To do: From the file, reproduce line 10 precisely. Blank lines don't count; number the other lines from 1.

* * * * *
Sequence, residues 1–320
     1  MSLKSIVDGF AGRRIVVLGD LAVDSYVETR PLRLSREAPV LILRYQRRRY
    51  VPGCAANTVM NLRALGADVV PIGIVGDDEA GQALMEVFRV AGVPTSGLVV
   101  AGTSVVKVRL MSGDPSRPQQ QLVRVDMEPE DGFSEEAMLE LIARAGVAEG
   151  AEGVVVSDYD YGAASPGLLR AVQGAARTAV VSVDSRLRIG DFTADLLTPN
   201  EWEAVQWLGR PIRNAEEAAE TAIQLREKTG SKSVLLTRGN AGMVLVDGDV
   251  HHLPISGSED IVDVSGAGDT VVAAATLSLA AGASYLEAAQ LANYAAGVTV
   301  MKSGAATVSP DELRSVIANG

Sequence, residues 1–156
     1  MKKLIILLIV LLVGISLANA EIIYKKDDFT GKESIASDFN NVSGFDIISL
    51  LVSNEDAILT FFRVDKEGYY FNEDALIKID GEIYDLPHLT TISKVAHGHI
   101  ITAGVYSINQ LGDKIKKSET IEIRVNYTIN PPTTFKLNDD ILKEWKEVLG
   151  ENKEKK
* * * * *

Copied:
     1  MKKLIILLIV LLVGISLANA EIIYKKDDFT GKESIASDFN NVSGFDIISL